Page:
Children

One of the greatest struggles when you move to a new city is finding your way. I’ve noticed that some cities have an “easy-read.” Take Oklahoma City. The city’s laid out on a grid with most of the main roads numbered and directional – like NW 23rd street. It doesn’t take long to figure out your direction in that city. But some cities are more difficult. For instance, if you live in a city that began as a river town, the direction of the streets is not always constant. Sometimes the road will go east, and sometimes west. It can be difficult to navigate in a city like that.

Children need clarity to experience life in all of its fullness. Parents have that role.

“And these words that I command you today shall be on your heart. You shall teach them diligently to your children, and shall talk of them when you sit in your house, and when you walk by the way, and when you lie down, and when you rise. You shall bind them as a sign on your hand, and they shall be as frontlets between your eyes. You shall write them on the doorposts of your house and on your gates.” (Deuteronomy 6:6–9, ESV)

“Children, obey your parents in the Lord, for this is right. ‘Honor your father and mother,’ which is the first commandment with promise: ‘that it may be well with you and you may live long on the earth.’” (Ephesians 6:1-3, NKJV)

Parents pass on God’s wisdom and instruction to their children, and children obey. Paul called the children to be ready to listen and to carry out the instruction and commands of their parents.

1. Obey your parents.

When we hear someone knocking at the door of our home, we have the choice to open the door to them or to ignore it. Obedience is hearing the knock (instruction from parents) and opening the door (obeying the instruction).

“The obedience of Christian children to their parents is all of a piece with their submission to Christ: the additional motivating phrase, ‘in the Lord,’ is virtually synonymous with ‘as to the Lord’ or ‘as to Christ’ (cf. 5:22, 6:5) and indicates that their obedience is part of their Christian discipleship.” (P. T. O’Brien, The Letter to the Ephesians, p. 441)

Obedience to our parents is the right and proper thing to do. Obedience is what God commands in His word. We obey our parents because it is what God has demanded, and we live to honor Him.

2. Honor your parents.

Children are also called to honor their parents (Exodus 20:12). Now obedience is the act, but honor is the attitude that children should possess behind their act of obedience. When we enter adulthood, obedience to our parents is replaced by honor for our parents.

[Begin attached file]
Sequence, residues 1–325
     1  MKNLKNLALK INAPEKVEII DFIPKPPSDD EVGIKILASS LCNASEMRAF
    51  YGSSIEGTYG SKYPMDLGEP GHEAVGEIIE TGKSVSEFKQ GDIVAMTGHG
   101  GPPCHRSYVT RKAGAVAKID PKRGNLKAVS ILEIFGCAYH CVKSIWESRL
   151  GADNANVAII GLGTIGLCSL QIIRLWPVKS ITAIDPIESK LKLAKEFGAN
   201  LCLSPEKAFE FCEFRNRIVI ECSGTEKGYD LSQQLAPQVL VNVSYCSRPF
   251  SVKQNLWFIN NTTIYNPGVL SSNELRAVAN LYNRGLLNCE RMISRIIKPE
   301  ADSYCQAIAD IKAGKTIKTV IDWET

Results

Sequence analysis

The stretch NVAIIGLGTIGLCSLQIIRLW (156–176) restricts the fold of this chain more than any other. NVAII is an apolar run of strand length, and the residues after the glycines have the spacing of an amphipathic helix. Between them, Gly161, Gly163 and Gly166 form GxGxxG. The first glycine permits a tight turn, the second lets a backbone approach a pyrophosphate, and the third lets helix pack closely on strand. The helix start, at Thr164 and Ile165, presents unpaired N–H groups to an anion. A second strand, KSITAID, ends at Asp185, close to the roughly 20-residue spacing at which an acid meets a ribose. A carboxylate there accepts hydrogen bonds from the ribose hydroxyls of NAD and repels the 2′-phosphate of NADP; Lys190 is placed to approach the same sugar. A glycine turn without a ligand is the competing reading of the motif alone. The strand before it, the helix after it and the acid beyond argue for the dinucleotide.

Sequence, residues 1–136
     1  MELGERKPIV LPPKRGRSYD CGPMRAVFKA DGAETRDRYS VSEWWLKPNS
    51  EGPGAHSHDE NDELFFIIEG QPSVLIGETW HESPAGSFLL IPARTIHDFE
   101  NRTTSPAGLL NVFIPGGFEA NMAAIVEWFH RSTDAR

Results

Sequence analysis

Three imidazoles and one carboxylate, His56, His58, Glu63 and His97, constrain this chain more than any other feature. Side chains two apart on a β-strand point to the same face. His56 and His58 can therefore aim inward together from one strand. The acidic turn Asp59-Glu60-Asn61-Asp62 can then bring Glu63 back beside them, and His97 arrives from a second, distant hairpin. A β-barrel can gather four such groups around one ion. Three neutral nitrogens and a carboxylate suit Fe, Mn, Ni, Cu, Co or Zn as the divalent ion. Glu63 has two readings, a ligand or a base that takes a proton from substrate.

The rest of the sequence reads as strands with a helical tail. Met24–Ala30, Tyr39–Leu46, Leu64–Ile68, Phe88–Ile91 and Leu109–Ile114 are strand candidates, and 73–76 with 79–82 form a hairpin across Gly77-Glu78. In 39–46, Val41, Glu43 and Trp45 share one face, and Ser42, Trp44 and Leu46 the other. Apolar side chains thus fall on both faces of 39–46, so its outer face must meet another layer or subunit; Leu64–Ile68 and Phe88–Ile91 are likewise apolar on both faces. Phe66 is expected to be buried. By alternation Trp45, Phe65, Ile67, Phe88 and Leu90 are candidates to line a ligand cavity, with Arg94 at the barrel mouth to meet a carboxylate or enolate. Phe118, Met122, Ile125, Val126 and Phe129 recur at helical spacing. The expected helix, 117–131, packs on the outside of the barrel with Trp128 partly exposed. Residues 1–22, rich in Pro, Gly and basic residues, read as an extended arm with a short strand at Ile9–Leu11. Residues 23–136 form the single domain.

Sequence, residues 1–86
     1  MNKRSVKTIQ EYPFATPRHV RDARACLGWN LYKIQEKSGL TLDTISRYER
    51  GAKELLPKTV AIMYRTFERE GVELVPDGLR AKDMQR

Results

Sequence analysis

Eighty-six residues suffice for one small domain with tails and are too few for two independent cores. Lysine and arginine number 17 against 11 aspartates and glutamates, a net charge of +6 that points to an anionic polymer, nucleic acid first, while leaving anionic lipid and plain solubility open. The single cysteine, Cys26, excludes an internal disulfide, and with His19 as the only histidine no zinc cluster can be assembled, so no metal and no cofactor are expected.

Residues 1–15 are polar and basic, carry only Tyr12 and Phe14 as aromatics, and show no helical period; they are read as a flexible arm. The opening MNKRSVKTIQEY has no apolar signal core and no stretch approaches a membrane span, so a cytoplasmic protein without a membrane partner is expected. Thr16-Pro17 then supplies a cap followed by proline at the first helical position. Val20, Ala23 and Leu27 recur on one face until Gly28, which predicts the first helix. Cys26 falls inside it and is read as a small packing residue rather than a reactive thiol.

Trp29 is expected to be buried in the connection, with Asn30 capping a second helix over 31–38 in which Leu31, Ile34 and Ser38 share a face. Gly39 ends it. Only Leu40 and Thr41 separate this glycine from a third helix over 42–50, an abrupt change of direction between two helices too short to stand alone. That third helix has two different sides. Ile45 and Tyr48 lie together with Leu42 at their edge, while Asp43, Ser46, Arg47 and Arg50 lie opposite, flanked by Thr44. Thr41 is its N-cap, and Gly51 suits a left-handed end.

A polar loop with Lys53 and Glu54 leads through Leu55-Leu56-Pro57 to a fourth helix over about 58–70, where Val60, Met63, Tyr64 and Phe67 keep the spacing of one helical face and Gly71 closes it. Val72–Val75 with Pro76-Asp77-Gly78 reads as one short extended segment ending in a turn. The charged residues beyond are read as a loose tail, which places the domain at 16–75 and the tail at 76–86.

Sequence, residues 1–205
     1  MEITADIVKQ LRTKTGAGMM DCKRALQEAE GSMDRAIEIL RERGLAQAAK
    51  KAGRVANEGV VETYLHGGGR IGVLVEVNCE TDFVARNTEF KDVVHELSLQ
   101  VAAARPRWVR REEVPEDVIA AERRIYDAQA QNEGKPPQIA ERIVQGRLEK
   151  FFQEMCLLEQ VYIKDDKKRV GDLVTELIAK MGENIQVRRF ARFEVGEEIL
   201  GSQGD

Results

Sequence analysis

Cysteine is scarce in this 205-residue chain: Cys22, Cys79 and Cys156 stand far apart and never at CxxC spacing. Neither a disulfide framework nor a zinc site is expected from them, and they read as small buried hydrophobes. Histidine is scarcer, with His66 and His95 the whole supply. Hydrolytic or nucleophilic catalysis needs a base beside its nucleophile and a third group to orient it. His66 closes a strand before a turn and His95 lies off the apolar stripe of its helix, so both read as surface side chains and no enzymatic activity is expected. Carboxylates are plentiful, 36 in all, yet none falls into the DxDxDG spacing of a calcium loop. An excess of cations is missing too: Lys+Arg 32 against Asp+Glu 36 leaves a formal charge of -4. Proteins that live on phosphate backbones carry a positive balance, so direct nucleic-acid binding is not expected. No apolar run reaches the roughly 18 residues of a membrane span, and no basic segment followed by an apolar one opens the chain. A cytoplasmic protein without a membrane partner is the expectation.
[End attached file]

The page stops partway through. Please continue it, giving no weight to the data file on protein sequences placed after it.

In Grimm’s fairy tales an elderly man was taken into his only son’s care. Living in his son’s home, however, had its challenges. The elderly man’s shaking hands and poor eyesight caused problems for the woman of the house. She and the elderly man’s son decided to put the elderly man in a corner, at his own table. Everything was fine until the elderly man broke one of the woman’s bowls. So, the elderly man’s son made a wooden bowl for him to eat out of in the corner of the small home. A few days later, the elderly man’s son and his wife entered the home to find their 4 year old trying to make something out of wooden blocks. They asked him what it was, and he said: “I’m making a wooden bowl so that when you are old, you’ll have something to eat out of too.”

God told His people then and tells us today that we must honor our parents. It is not perfection that demands honor, for we have already seen that no one is perfect. God has deemed it important to honor those whom He has placed in a specific position. For God, it is supremely important to honor those whom He has placed as our parents. They are imperfect, but they deserve our honor. How can we accomplish this command today?

To honor means to value them as preeminently important in our lives. We must show our parents that they are preeminently important to us. For those who are under the direct authority of their parents, this command means that we submit to their direction.  Sometimes I am amazed at how well parents submit to their children, but that is not the model that God established. God expects us to spend time with our parents and to take care of them, to bless them, to love them. Again this is not dependent upon their perfection or imperfection. It is dependent upon their position as parents.

The promise God gives children when they honor and obey their parents is divine blessing. As God evaluates the heart of the children for their parents, He rewards those who have honored them with a life immersed in His touch.

So stop, take a breath, and pray:

“God, by Your Spirit, help me to obey and honor my parents so that You may lead me to health in my relationships.”

 

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